Unprecedented State Law on Pharmaceutical “Reverse Payments” Goes Into Effect

Unprecedented State Law on Pharmaceutical “Reverse Payments” Goes Into Effect

Client Alert


A new California law, Preserving Access to Affordable Drugs, AB-824 (the Act), which is aimed at curbing reverse-payment patent settlements, took effect on January 1. The Act codifies a presumption that any transfer of value from a branded to a generic pharmaceutical company settling patent infringement litigation, combined with a delay of the generic drug’s entry into the market, has an anticompetitive effect. The statute shifts the burden to the settling parties to affirmatively demonstrate either (1) that the payment by the branded company is fair and reasonable compensation solely for other goods or services that the generic company has agreed to provide, or (2) that the agreement has generated procompetitive benefits that outweigh its anticompetitive effects. The statute therefore makes reverse-payment settlement agreements more difficult to defend than they had been under prior case law. Importantly, nothing in the Act limits its application to settlements that were negotiated, completed or entered into in California or by California companies.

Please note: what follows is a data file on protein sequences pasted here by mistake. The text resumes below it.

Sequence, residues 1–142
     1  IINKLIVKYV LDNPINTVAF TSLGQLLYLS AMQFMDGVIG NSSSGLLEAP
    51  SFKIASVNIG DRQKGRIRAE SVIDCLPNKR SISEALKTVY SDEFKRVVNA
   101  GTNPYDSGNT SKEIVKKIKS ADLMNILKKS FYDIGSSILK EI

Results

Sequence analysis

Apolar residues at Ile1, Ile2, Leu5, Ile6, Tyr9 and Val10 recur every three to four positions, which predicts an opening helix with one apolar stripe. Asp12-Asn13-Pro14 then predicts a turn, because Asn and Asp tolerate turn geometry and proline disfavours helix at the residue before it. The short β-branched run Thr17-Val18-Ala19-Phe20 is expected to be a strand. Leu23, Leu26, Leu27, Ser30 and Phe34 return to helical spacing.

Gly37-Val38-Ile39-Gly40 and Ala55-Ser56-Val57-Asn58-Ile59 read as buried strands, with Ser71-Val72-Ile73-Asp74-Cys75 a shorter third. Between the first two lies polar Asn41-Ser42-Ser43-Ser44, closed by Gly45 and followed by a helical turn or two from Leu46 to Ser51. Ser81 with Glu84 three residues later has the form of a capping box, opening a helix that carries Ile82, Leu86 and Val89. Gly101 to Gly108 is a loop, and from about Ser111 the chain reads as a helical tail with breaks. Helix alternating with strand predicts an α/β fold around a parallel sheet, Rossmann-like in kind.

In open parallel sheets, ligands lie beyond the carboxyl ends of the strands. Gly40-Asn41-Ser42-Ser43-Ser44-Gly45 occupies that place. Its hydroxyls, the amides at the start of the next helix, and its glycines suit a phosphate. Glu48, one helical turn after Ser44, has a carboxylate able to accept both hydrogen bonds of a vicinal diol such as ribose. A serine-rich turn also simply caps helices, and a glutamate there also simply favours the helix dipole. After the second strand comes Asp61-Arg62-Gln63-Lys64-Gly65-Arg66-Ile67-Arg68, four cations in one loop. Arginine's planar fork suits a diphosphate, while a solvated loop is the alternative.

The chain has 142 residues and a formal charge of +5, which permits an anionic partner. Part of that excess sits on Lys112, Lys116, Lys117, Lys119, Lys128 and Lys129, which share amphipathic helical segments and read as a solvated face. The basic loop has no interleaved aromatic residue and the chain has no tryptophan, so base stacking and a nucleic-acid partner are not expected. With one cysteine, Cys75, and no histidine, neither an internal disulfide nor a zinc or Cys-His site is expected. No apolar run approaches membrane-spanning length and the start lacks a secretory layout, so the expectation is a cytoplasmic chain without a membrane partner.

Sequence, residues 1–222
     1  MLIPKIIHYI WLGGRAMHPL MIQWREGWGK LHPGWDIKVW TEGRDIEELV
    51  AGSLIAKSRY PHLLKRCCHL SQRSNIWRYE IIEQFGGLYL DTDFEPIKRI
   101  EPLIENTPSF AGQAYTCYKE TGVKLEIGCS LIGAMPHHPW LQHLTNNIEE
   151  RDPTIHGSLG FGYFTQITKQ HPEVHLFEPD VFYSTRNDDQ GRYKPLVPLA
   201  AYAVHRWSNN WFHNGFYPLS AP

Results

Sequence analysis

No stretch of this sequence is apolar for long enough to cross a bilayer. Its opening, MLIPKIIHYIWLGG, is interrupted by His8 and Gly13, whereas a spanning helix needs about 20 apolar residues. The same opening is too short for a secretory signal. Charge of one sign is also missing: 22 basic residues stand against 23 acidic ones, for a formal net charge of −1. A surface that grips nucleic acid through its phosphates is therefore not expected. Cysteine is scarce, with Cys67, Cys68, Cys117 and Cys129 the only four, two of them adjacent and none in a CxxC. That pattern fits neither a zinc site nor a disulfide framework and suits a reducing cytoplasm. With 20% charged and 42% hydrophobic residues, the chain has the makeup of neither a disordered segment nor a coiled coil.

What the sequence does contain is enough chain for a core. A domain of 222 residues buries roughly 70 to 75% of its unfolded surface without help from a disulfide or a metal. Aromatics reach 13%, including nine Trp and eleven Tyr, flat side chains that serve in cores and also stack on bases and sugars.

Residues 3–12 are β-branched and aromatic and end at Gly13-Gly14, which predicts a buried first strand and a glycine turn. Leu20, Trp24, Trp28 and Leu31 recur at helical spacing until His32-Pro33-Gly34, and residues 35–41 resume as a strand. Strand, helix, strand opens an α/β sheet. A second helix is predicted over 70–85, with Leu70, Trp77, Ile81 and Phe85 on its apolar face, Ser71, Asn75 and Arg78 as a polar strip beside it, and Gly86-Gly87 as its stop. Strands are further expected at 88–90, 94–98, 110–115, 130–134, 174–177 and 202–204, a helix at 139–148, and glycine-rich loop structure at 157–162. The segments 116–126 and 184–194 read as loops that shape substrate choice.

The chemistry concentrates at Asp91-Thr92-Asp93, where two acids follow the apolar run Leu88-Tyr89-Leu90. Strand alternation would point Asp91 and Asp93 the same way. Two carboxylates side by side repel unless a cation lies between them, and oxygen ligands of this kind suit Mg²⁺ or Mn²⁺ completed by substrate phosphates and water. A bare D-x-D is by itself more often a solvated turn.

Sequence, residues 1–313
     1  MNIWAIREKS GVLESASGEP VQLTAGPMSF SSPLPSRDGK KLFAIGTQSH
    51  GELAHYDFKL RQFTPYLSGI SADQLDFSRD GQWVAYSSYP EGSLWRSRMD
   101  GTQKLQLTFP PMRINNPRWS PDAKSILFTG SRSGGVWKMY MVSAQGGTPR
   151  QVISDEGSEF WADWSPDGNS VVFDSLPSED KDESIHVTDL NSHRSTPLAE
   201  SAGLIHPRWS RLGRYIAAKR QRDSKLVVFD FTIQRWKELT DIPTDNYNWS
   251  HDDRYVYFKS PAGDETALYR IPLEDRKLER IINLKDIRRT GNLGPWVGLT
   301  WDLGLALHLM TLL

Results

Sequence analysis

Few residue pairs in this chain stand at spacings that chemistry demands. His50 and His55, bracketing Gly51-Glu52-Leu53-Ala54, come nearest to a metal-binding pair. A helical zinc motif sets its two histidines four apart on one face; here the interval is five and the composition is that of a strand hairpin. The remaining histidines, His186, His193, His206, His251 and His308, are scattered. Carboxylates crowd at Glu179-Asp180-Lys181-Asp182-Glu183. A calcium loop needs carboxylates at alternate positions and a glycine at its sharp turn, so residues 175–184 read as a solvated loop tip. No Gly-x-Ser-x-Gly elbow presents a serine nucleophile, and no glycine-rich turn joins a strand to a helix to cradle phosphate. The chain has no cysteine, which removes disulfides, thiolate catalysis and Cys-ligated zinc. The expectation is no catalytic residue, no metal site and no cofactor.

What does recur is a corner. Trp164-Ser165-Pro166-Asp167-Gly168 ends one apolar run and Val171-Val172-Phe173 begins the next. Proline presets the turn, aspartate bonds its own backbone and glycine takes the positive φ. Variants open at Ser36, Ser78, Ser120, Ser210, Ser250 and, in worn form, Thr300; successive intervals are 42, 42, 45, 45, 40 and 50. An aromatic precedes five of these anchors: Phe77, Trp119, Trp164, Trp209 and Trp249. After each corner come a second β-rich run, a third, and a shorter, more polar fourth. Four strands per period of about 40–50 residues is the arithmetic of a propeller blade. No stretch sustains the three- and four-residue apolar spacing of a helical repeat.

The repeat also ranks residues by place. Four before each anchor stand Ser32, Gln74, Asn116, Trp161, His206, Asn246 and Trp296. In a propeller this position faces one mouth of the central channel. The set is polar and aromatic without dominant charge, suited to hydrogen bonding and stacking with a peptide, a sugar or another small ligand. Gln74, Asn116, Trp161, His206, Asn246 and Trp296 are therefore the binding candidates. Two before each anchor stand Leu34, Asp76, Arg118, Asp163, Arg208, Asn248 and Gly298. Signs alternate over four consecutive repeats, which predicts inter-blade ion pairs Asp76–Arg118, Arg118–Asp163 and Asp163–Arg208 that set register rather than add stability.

There is no comparable statute at the federal level or in any other state, making California’s reverse-payment law an unprecedented attempt to legislatively limit reverse-payment settlements. The law goes beyond the Supreme Court’s holding in FTC v. Actavis, which established a traditional “rule of reason” analysis. Late last month, the Eastern District of California denied a motion to enjoin enforcement of the statute, and that ruling is now on appeal to the Ninth Circuit. Ass’n for Accessible Meds. v. Becerra, No. 2:19-cv-02281 (E.D. Cal. Dec. 31, 2019).


In 2013, the Supreme Court held that reverse-payment settlement agreements are to be analyzed under the traditional rule of reason antitrust framework. Fed. Trade Comm’n v. Actavis, 570 U.S. 136 (2013). Although the Supreme Court did not clarify how district courts are to apply the rule of reason in this specific context, the first step of the analysis traditionally requires the plaintiff to show that the restraint at issue produces significant anticompetitive effects within the relevant product and geographic markets. See Ohio v. Am. Express Co., 138 S. Ct. 2274, 2284 (2018). The burden then shifts to the defendant to offer a legitimate procompetitive justification for the restraint. If the defendant carries that burden, the plaintiff has the final burden of demonstrating that the restraint is not reasonably necessary to achieve that objective, or that the objective can be achieved in a substantially less restrictive manner. Id.